Fortunately, for some bits of bad music journalism over the past month, other writers were quick to respond. Around Independence Day, a picture of Stravinsky made the rounds, purporting to be a mugshot from when he was arrested for his arrangement of “The Star-Spangled Banner.” Carly Carioli of The Boston Globe thoroughly debunked this myth. Accuracy triumphs again!
As for clichéd topics, Philip Clark of The Guardian lamented “Where have the great composers gone?”, yet another article about how music just isn’t as good as it used to be, you know, in the past. Joshua Kosman of the San Francisco Chronicle took him on directly and answered, “Looking for the great composers? They’re all around us.”
So, even though I wasn’t keeping my own blog current, I was at peace with how others were handling things and decided it wasn’t so bad to focus on my own recovery for a bit. But then the clichés struck in a medium very dear to my heart: the comic strip.
I love comic strips, from the funny pages, to the compilations my parents kept on their bookshelves, to the fantastic webcomics being produced today. The newspaper strips are mostly dinosaurs, but I still have affection for them, which is why I love Josh Fruhlinger’s blog The Comics Curmudgeon. As he points out, yesterday’s Shoe was pretty incoherent:
|Panel 1: [Cosmo, typing(?)] Opera was invented in the late 16th century ...|
Panel 2: and has been annoying lowbrows ever since.
Fruhlinger comments, “Oh, man, way to stick it to opera, am I right? Or, wait, no, maybe it’s actually sticking it to lowbrows who don’t like opera? Either way, this is a strip that clearly doesn’t care what toes it steps on!” Yeah, I don’t know what this strip is trying to do. What a weird target for ire.
Anyway, when I saw the first panel as a preview, my interest was piqued because Brookins and MacNelly did the barest minimum of research to get the date right. Jacopo Peri’s Dafne is considered the first opera, and it was written around 1597. I’m usually okay with people saying that opera was invented “around 1600” because it’s close enough, but hey, the strip was even more accurate!
But the second panel features two clichés and a historical inaccuracy:
- Cliché 1: Opera is highbrow.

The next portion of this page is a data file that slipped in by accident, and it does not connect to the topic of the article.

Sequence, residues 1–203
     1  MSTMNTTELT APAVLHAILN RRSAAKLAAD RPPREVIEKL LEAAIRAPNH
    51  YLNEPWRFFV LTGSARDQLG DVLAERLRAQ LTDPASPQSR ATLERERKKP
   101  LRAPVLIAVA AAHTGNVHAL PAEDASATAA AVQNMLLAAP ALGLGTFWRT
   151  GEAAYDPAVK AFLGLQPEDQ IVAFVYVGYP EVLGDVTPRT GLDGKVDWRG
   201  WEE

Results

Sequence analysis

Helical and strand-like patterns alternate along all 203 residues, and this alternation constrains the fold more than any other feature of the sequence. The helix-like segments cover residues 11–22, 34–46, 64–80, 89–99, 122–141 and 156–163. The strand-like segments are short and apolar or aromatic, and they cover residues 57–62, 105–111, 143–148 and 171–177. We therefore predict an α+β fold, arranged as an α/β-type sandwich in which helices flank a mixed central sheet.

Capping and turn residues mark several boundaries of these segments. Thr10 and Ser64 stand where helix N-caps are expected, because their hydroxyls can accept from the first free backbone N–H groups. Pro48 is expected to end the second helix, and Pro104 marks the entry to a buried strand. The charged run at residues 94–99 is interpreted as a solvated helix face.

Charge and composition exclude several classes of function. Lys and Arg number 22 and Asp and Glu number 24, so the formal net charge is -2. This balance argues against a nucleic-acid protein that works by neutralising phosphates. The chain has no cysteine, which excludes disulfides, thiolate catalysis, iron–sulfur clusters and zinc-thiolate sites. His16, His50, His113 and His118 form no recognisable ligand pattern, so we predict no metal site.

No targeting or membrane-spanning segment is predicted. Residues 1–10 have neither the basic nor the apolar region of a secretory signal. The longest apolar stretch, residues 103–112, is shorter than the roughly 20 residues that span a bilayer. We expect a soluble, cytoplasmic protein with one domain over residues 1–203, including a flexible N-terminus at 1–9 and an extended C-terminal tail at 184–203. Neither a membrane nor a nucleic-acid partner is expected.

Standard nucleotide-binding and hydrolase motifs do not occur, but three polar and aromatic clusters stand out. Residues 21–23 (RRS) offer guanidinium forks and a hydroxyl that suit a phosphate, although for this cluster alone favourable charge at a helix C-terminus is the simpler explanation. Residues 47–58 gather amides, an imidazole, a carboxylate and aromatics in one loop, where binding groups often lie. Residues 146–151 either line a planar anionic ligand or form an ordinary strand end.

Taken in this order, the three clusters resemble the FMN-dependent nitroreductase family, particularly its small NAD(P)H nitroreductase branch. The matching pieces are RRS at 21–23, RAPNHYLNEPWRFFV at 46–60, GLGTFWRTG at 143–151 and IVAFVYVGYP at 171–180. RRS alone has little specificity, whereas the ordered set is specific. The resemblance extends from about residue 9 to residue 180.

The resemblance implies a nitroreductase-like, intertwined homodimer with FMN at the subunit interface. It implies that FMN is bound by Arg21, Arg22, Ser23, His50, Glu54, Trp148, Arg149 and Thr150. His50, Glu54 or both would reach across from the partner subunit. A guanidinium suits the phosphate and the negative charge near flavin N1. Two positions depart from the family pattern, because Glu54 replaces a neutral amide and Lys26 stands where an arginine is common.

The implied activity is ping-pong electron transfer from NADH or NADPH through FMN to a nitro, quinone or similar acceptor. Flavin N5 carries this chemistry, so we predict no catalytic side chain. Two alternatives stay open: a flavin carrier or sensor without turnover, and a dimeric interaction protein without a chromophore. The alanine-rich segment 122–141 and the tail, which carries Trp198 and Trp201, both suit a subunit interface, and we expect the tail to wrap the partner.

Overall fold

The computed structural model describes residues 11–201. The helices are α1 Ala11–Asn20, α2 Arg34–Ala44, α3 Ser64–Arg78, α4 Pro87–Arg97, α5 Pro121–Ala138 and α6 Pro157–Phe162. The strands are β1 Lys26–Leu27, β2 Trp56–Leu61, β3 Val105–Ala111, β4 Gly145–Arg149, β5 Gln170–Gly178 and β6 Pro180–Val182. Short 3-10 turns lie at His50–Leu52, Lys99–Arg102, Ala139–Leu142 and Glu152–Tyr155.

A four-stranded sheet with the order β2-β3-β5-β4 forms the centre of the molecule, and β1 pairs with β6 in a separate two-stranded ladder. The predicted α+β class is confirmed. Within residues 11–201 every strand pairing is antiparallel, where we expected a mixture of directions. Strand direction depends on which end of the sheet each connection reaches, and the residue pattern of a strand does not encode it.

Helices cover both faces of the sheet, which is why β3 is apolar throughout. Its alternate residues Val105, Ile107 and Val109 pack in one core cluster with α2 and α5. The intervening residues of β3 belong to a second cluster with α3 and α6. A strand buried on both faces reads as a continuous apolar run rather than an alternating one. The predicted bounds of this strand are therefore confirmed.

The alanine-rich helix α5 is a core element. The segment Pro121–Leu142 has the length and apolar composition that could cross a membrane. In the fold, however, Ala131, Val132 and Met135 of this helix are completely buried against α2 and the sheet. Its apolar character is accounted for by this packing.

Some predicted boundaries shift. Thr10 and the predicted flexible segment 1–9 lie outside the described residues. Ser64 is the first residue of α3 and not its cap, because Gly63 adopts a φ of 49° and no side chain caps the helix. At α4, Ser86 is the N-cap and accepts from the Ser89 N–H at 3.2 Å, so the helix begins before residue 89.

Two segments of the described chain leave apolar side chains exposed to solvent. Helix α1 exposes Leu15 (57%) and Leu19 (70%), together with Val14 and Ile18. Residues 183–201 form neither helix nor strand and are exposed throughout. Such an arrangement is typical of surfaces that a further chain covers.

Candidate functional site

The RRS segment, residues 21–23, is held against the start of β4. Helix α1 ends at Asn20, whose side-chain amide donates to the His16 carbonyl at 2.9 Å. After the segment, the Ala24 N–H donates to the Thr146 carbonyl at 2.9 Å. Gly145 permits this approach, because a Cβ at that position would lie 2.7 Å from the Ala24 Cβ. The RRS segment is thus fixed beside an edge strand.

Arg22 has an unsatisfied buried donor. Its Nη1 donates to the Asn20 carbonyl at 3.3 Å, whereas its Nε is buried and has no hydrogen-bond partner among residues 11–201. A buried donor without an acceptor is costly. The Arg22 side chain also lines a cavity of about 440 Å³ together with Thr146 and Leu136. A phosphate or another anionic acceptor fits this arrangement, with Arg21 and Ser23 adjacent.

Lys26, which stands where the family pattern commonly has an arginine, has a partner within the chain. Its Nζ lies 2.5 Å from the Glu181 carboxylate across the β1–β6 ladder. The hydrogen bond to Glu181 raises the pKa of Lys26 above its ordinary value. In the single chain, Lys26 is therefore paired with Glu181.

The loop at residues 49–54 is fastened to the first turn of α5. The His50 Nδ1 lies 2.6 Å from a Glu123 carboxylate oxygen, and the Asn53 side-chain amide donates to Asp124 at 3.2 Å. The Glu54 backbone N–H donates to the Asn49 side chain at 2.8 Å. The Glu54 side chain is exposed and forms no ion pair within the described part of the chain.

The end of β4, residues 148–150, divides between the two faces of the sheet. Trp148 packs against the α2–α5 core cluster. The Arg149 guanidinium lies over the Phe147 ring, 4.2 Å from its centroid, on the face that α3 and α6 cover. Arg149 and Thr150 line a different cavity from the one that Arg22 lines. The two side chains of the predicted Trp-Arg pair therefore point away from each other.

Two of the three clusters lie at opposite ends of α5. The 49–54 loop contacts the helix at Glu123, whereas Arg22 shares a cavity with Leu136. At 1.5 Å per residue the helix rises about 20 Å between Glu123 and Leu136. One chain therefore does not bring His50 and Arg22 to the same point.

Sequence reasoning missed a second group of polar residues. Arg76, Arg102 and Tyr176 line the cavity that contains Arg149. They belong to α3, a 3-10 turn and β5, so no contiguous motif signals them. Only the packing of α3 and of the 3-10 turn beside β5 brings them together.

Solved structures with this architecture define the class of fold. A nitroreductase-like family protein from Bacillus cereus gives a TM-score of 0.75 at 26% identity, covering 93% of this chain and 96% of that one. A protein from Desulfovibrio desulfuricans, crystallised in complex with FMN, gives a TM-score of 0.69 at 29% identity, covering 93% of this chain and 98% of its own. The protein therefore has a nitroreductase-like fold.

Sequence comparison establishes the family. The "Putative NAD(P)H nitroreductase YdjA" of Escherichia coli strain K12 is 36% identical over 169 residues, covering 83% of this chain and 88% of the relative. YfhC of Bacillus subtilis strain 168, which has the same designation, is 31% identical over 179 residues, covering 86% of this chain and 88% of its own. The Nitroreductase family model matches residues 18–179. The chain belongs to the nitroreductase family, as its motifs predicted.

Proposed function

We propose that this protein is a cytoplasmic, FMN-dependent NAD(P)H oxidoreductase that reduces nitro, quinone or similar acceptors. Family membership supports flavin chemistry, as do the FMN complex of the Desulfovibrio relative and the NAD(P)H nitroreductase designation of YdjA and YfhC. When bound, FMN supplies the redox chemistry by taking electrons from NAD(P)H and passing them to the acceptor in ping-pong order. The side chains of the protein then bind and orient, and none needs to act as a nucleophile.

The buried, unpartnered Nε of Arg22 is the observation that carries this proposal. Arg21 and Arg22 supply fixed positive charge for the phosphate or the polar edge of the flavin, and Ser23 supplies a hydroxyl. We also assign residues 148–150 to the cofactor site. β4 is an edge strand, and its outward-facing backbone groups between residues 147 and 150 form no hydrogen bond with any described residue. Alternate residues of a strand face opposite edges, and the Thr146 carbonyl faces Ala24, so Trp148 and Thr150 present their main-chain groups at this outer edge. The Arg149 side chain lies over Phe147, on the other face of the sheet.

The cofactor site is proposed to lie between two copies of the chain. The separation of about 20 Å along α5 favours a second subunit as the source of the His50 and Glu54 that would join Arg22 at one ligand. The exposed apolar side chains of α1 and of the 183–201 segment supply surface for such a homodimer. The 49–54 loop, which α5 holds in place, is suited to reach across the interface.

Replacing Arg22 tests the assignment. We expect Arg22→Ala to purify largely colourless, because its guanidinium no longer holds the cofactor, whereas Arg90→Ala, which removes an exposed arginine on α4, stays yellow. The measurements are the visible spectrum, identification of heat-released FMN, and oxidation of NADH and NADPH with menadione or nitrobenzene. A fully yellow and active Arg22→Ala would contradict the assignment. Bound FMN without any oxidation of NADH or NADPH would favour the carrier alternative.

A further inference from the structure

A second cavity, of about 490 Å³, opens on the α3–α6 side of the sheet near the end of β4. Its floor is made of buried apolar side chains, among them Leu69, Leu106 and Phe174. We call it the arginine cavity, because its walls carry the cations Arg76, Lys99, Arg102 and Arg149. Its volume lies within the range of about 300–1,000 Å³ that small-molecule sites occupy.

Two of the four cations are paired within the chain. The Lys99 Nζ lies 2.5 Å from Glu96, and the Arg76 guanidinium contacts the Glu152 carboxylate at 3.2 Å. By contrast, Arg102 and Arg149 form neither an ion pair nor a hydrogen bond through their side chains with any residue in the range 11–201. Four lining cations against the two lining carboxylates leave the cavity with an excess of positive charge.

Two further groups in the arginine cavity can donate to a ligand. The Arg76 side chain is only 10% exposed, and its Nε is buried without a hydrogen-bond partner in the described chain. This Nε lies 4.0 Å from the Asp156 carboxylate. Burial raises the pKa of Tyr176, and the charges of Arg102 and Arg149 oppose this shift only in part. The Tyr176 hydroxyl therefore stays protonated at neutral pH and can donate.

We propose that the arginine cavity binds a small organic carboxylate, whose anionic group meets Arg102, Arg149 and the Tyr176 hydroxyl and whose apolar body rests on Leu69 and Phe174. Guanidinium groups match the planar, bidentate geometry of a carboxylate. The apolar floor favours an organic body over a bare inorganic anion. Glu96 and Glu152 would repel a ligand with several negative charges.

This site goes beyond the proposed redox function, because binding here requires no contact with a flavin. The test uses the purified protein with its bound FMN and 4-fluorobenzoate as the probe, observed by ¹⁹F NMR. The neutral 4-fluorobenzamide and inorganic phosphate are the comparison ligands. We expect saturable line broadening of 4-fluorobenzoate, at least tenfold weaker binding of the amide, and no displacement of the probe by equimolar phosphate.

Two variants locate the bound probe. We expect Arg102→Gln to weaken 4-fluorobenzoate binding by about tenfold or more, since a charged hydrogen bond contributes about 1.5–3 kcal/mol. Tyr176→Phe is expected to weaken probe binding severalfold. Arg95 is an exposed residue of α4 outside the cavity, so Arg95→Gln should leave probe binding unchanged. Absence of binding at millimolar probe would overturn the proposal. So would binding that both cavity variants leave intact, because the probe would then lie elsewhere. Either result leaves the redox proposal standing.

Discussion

- Cliché 2: Opera is annoying.
- Inaccuracy: Opera has always been highbrow (and annoying).
I’m not going to spend words debating whether opera is annoying (a matter of opinion) or even whether it’s highbrow; I’ll concede that most people now consider it highbrow. I’ll even accept the highbrow/lowbrow division here so as not to go off on how these labels are culturally assigned and blah blah blah.
Opera hasn’t always been “annoying lowbrows.” In fact, at times it even catered to them! Even though opera began as a way for aristocrats to show off the splendor of their courts by being able to afford lavish productions, it soon became a commercial venture, with the first public opera house opening in Venice in 1637. And for opera to make money, it had to appeal to a broader audience.
Operas started incorporating more comedic elements, often borrowing liberally from commedia dell’arte, a pre-existing improv tradition with stock characters that featured some very lowbrow humor. These comedic interludes were interspersed between the serious scenes, but eventually they became so popular that they spun off into their own operatic genre, called intermezzi.
Attracting audiences meant more than using slapstick and dirty jokes (though that was a big part of it). Opera singers were superstars, and opera houses and impresarios spared no expense in getting the big names involved with their productions because they knew it would sell tickets. This lead to some practices that we would find very strange today. Many singers had a signature aria, a piece that showed off their talents and was strongly associated with them. Their contracts would stipulate that they got to sing Their Aria in whatever opera they happened to be appearing in—regardless of whether it fit the plot, the musical style, or the character they were portraying. Imagine Eliza Hamilton suddenly belting out “On My Own” from Les Mis. But, hey, when people paid to see that singer, they paid to hear that aria! The sense that an opera was a unified expression of high(brow) art hadn’t really caught on yet.
Opera houses also served refreshments, including doughnuts and wine. People tended to talk through the shows, mostly because opera was a social endeavor as much as—or even more than—an artistic one. The upper classes came to see and be seen, and the middle-to-lower classes came to take in the spectacle, both on the stage and in the boxes. But then, just now I just made the easy mistake of conflating “lowbrow” with “low class,” and they’re not really the same thing. “Lowbrow” refers to taste, not economic status, so merely pointing out the presence of non-aristocrats at operas isn’t enough to dispute the error in Shoe.
Nevertheless, opera has had its times of lowbrow appeal throughout its 419-year existence, even if there are few examples from the past century. Never assume that the way things are now is the way they have always been, especially when it comes to an institution as old as opera.
Shoe by Gary Brookins and Susie MacNelly, 7/26/16
“Solid journalism there, Perfesser, can’t understand why newspapers are dying” on The Comics Curmudgeon by Josh Fruhlinger